Investors want not only returns but also to protect themselves against risk and volatility. There are several financial metrics that can be used when investing in stocks to determine the risk and volatility your portfolio may experience, like beta. But what exactly is it? What does it tell investors and what is a good beta for a stock?

In this article we will go over some of the most common questions about beta in stocks, so you can use this metric when researching stocks to invest in. 

What is beta in stocks?

Beta (β) is a financial metric used when investing in stocks that measures the correlation between a stock’s past price movements, and the broader market. In simple terms, it compares the fluctuations of an individual stock with an index, which is usually the S&P 500. 

The beta of a stock can be used to assess the risk and volatility relative to the general market, and it can also be used to understand the expected returns of a stock.

How beta is used to analyze risk and volatility

Beta is a simple concept but it allows investors to easily compare the historical movement of a certain stock with the market. If a stock’s beta is 1, it means that it moves together with the market, which means that the expected returns, volatility, and risk should be similar to the market.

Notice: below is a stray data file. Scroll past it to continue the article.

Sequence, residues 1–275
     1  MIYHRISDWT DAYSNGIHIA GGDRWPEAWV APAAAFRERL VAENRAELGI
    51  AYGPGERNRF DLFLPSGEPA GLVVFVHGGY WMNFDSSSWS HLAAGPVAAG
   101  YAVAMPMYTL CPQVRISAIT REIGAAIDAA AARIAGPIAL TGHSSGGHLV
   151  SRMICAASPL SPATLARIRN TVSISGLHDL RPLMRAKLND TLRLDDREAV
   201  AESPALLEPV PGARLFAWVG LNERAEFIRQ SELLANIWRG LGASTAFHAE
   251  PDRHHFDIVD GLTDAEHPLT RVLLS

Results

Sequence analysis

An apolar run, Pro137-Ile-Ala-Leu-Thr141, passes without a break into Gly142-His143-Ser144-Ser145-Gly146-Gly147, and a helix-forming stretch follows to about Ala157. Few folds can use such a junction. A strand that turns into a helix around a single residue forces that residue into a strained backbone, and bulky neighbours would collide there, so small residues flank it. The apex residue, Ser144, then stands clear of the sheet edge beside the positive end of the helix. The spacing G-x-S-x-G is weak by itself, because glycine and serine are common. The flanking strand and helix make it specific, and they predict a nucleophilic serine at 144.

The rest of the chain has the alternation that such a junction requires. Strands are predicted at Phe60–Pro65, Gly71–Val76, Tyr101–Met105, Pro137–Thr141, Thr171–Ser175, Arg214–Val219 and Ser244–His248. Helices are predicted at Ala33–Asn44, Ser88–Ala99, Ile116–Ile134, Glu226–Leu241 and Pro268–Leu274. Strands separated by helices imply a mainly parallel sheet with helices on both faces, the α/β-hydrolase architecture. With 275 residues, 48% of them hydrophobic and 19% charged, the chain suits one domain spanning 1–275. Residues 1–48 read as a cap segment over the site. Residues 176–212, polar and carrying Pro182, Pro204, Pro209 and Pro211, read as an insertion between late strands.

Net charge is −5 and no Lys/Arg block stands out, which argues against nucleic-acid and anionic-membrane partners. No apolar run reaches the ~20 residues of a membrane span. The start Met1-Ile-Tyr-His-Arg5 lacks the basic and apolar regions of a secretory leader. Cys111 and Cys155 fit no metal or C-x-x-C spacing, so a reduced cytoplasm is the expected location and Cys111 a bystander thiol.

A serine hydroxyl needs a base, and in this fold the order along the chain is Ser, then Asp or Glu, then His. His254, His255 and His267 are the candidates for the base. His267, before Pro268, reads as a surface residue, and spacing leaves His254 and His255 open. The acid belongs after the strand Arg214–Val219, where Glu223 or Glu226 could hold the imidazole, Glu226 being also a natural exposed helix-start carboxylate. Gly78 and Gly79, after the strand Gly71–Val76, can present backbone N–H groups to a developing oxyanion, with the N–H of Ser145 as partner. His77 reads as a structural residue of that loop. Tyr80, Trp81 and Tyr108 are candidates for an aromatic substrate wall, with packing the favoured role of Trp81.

Beta under 1

If a stock has a beta of under 1, it means that it is expected to lag the market. Therefore, when the market goes up, the stock is expected to go up, but not as much as the index. Conversely, when the stock market goes down, the stock is also expected to go down, but not as much as the index. For that reason, the stock is expected to be less volatile than the overall market.

Beta above 1

Stocks with a beta over 1, are expected to be more volatile than the broader market. If the market goes up by 1%, the stock is expected to go up by more than 1%. In the same way that if the stock market goes down 1%, the stock is expected to go lower by over 1%.

Negative beta

The beta of a stock can also be negative which is uncommon, but it is possible. For example, if a stock has a beta of -1 means and the market goes up by 1%, the stock is expected to go down by 1%.

Beta pros and cons 

beta pros and cons

Before we dive into what a good beta is for a stock, we need to first consider the pros and cons of using beta to evaluate risk and volatility. 

Pros of beta

A simple way of measuring risk and volatility

Beta is perhaps one of the simplest ways of analyzing risk and volatility. Pretty much any online platform that shows stock data, and financial ratios will display the beta of a stock. It makes it easy to compare stocks based on the beta.

Gives historical perspective

It also gives investors a good historical perspective of the stock’s past price movements over at least the last 3 years. Since it easily shows investors how the stock has moved in the recent past relative to the index.

Useful when building a portfolio

It also comes in handy when building a portfolio, and calculating the beta based on your allocation. Investors can easily understand how the portfolio as a whole should move in relation to the broader market.

Cons of beta

While beta can be extremely useful, it cannot be used as a single measurement of risk and volatility. It is far too simple, and it does not accurately reflect the risk or volatility expected of an individual stock.